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March 7, 1997     Cape Gazette
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March 7, 1997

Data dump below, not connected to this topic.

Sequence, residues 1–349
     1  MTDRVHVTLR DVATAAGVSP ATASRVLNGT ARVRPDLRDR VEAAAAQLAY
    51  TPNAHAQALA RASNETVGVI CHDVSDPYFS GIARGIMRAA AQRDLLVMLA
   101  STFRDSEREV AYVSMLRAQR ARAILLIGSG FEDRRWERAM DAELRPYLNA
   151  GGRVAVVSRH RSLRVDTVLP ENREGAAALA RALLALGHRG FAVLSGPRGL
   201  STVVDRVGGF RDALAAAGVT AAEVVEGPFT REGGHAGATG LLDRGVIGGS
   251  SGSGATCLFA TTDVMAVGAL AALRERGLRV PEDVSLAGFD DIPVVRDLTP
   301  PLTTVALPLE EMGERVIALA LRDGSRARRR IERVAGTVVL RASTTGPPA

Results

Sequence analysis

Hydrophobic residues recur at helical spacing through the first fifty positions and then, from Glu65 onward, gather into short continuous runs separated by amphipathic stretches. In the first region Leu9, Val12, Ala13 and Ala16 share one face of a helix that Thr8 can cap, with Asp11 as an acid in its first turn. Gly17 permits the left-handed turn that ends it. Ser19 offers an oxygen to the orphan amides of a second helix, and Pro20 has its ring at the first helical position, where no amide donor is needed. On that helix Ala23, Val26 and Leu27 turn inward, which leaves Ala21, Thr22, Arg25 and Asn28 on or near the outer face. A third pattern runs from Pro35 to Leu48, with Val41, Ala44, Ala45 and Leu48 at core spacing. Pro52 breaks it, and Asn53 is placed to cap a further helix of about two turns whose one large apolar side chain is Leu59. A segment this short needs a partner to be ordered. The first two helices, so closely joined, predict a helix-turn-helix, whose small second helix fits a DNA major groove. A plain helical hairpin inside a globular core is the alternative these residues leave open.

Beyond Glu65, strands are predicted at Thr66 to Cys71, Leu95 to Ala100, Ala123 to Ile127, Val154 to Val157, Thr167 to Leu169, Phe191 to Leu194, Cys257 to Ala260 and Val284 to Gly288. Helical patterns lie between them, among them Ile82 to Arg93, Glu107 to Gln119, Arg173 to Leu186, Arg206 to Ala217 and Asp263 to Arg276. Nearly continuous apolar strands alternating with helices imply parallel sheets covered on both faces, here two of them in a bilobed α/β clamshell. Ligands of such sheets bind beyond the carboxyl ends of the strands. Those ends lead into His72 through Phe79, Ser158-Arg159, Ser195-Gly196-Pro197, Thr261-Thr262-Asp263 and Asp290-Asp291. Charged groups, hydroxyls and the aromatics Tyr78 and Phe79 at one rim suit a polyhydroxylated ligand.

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4 - CAPE GAZETTE, Friday, March '7 - March 13, 1997 Briefly Route 1 Weekly Accident Update Continued from page S Charles Goetz was flown to Baltimore Shock Trauma He is presently in Union Memorial Hos- pital, Elkton, Md., where he is in critical condition. Detectives, who are continuing to investigate the incident, have not been able to interview Charles Goetz because of his serious medical conditon. Cape board to finalize boundary changes The Cape Henlopen Board of Education, during its Thursday, March 13 meeting, is tentatively planning to adopt language for school board election area bound- ary changes. If the board approves the changes, it will then submit the proposal to legislators for fast tracked legislation enacting the changes. Also on the board's ten- tative agenda is discussion of the long range facilities plan, the guidance curriculum review, an update of the progress of mathe- matics curriculum and the MIT/Cape Carousel program. The meeting will be held in Re- hoboth Elementary School's cafe- teria at 7:30 p.m. Sussex Planners consider land use ordinances The Sussex County Planning and Zoning Commission will con- sider a full slate of ordinances at its next meeting. The planners will meet at 7:30 p.m., Thursday, March 13, on The Circle in Georgetown in the new county ad- ministration building. The agenda includes three ordi- nances which the planners de- ferred action on at the commis- sion's Feb. 13 meeting. They would: amend the setbacks in a vacation retirement park, change subdivision definitions to regulate "strip development" and change the minimum lot size required to place manufactured/mobile hous- ing. The Commission will also hold a public hearing on the proposed C-2 zoning. County Councilman George Cole has proposed the zoning to deal with large scale de- velopment of at least 50,000 square feet in size. The new zon- ing would place additional restric- tions on such development. It could require larger buffers, land- scaping and interconnecting roads between development. The three ordinances which were deferred all relate to the county's proposed land use plan. Two of the ordinances have a sig- nificant impact. The proposed strip development ordinance would limit the number of strip lots, or lots which are developed along the roadway usually with individual entrances, to four with over the counter approval. That's the number which could automati- cally be approved by planning and zoning without requiring a public hearing: The manufactured housing ordi- nance would allow manufactured homes to be placed on one-acre lots in agricultural residential dis- tricts. Supporters say the change is needed because the current five acre requirement for such homes is not needed. The planning and zoning commission has also sug- gested that such homes can only be placed on one-acre lots if the request is first approved by the Sussex County Board of Adjust- ment. Also on the agenda is a revised site plan for Vernon Office Park. The project has been tabled by the Board of Adjustment because it does not meet the corridor overlay setback requirement. The planned expansion is located at the corner of Route 1 and Road 275A, the lo- cation of O'Conor, Piper and Fly- nn Realtors. Delaware legislators call for beach funds Senator William Roth, Rep. Michael Castle and Senator Joseph Biden Jr. have sent letters to the Congressional Appropria- tions Committees asking that the committee provide funds for the Dewey Beach-Rehoboth Beach replenishment project. The letters were sent to Rep. Harry Reid, Sen. Pete Domenici and Rep. Joseph McDade. Domenici and McDade chair the Senate and House committees. The funding would be used to complete preconstruction, engi- neering and design studies that are required before the replenishment can start. Replenishment is used to replace eroded sand on beaches and involves pumping sand from offshore on to the beaches. It's considered a temporary and ex- pensive measure, but it's also con- sidered a good way to fight ero- sion of valuable beach areas caused by storm damage. The Feb. 25 letters describe the project as a wise investment of lo- cal, federal and state resources. Delaware's congressional dele- gation has fought hard for federal funding for the project, arguing that Delaware has already spent millions of dollars in expectation that federal funding would help pay for the cost of a projeeL State and local officials have said a federal pullout now leaves the state with a pile of paper stud- ies and nary a grain of extra sand. "For the past two years, the Clin- ton Administration has ascribed shoreline protection initiatives low budget priority and as a result, no funds for the Dewey Beach- Rehoboth Beach project were re- quested in FY 98," the delegation wrote. "Put simply, we find this situa- tion totally unacceptable. The State of Delaware has already spent $1.5 million for the cost- shared studies on the expectation that the federal government would maintain its role in this partner- ship... 'q'he Congress can and must en- sure that the Corps fulfills its pre- existing obligations to the states and coastal communities, partiou- lady when millions of dollars are at stake, as in this case." One of West Rehoboth lawsuits settled There is a decision in one of the lawsuits filed against the West Re, hoboth Sewer District. The Court decision ruled that Relaoboth Mall was not entitled to be given credit for its existing sewer plant when it was forced to hook into the West Rehoboth District. Superior Court President Judge Henry duPont Ridgely ruled on Friday, Feb. 28 against Rehoboth Mall Limited Partnership. The Mall ownership said it should re- ceive credit for the system, but Ridgely ruled that the county only has to give an assessment credit when it actually uses or incorpo- rates a private sewer system into its county system. Rehoboth Planners to resume sign discussion The Rehoboth Beach Planning Commission will continue its dis- cussion of the revisions to the cur- rent city sign ordinance, as is called for in the Long Range Plan, at the regular monthly meeting slated for 7 p.m., Monday, March 10 in the commissioners room. All interested citizens from both the commercial and residential ar- eas of the city are urged to attend and participate in the discussion. All themes and concepts voiced will be correlated and developed into recommendations for the Board of Commissioners in the form of a draft ordinance/work in progress for final revision of the current ordinance. Suspect held in Ashby's fire The Delaware State Fire Mar- shal's Office has arrested Donald E. I-Iickman, age 29, of Millsboro, in conjunction with a fire that oc- curred at Ashby's Oyster House in Peddler's Village, Angola. The fire, reported at 12:14 a.m., Thursday, March 6, caused minor damage when the subject report- edly set fire to an exterior awning at the business. Hickman was tak- en to Court 3 in Georgetown, where he was arraigned on charges of arson and reckless en- dangering. The subject was re- leased on bond pending a prelimi- nary hearing at the Court of Com- mon Pleas in Georgetown. Rehoboth Convention Hall rate hikes seen The City of Rehoboth Beach is expected to increase the rental rates for its Convention Center which is currently being expanded to include a large new meeting room with many amenities. The Convention Hall Committee, chaired by Commissioner Bitsy Cochran, recommends that the rates for the hall, Monday through Thursday, be raised from $250 to $300, and from $425 to $500 Fri- day and Saturday. Those wishing to rent the meet- ings room along with the hall "'r FOR WEEK OF FEBRUARY 24 TO ]tARCH 2, 1997 DArE LOCA00ON TYPE 02/24197 FR. 1 and lit. 24, south of Lewes #4 02/25/97 Rt. 1 and Rt. 9 at Five Points #5 03/02/97 Rt. I and Fit. 24, south of Lewes #2 would pay $75 rather than $50. The rate for the meeting rooms alone would remain at $75, as would the kitchen. The set up fee would increase from $175 to $200. Non-profit groups would re- ceive the discount rate of 10 per- cent if they are a locally oriented organization. The last increases on the hall rentals were in Febru- ary, 1994. Cochran also advised that the rate for the new addition be set at two prices, $175 for the entire day or $75 if it is used for four hours or less, although at the March 3 workshop it was decided to raise the half-day rate to $100 to pre- vent someone from renting it for two half days at a lower rate. The rates, which are expected to be approved at the Friday, March 14 commissioners' meeting, would become effective in Janu- ary, 1998 for returning events and effective immediately for any new renters. Completion of the addition is running behind schedule and was expected to be finished by the end of this month. Now it may be the end of April before the addition is ready for use. Grove Street traffic light committee topic The Rehoboth Beach Street and Light Committee is expected to discuss the request to place a traf- fic light at the intersection of Re- hoboth Avenue and Grove Street near the entrance to the city, at a 9 a.m. meeting on Friday, March 14 in the Commissioners Room. There has been concern expressed about the difficulty of crossing Grove due to heavy traffic in that vicinity, although there are also fears that a traffic light there could result in bottlenecks as people try to enter or exit the city. Also on the agenda is a request to remove the stop sign on Second Street and Olive Avenue and the status of the King Charles Avenue storm sewer upgrading project. Rehoboth expected to OK budget March 14 The Rehoboth Beach Board of Commissioners is expected to ap- prove the budget for 1997-98 at the Friday, March 14 monthly meeting. The balanced budget shows $6,551,586 in anticipated rev- enues without any proposed in- creases but includes revenue from the 3 percent gross receipts tax, and expenditures of the same, which includes a capital improve- ment program in the amount of $783,093. The average full-time employ- ee's wage increase for 1997-98 is 3 to 3.5 percent, with an increase in Christmas bonuses from $50 to $75 and a 25 cent increase per hour for all part-time employees. City Manager Greg Ferrese has budgeted $10,000 for the Re- hoboth Beach Planning Commis- sion which requested the funding to carry out its duties. Rehoboth Main Street has requested $26,000, with the city providing $24,000 last year. The part-time salaries for the police department have increased from $143,000 to $158,500, as Chief Creig Doyle has requested hiring a part-time relief radio dis- pateher year round. The budget also reflects the pur- chase of one marked police cruis- er. The Public WorksDepartment has requested two additional sea- sonal part-time employees to clean sidewalks in the central business district and remove de- bris and weeds along curbing in both residential and commercial areas. The Parking Meter Department has been renamed the Parking De- partment and will encompass the parking permit system. The Parks and Shade Tree Commission has requested $12,000 for additional contractual services to maintain the islands, street ends and park areas. Capital improvements include $2,000 for signs on the back of the lifeguard stands; $3,500 to repair cracks in the tennis courts; a dump truck for the street department, $27,500; a new refuse truck, $88,000; new convention center equipment, $21,450; the new Delaware Avenue comfort station, $287,000; new parking depart- ment van, $18,500; a new pick-up truck with snowplow for the wastewater department, $24,000; and a four-wheel drive tractor, $35,000.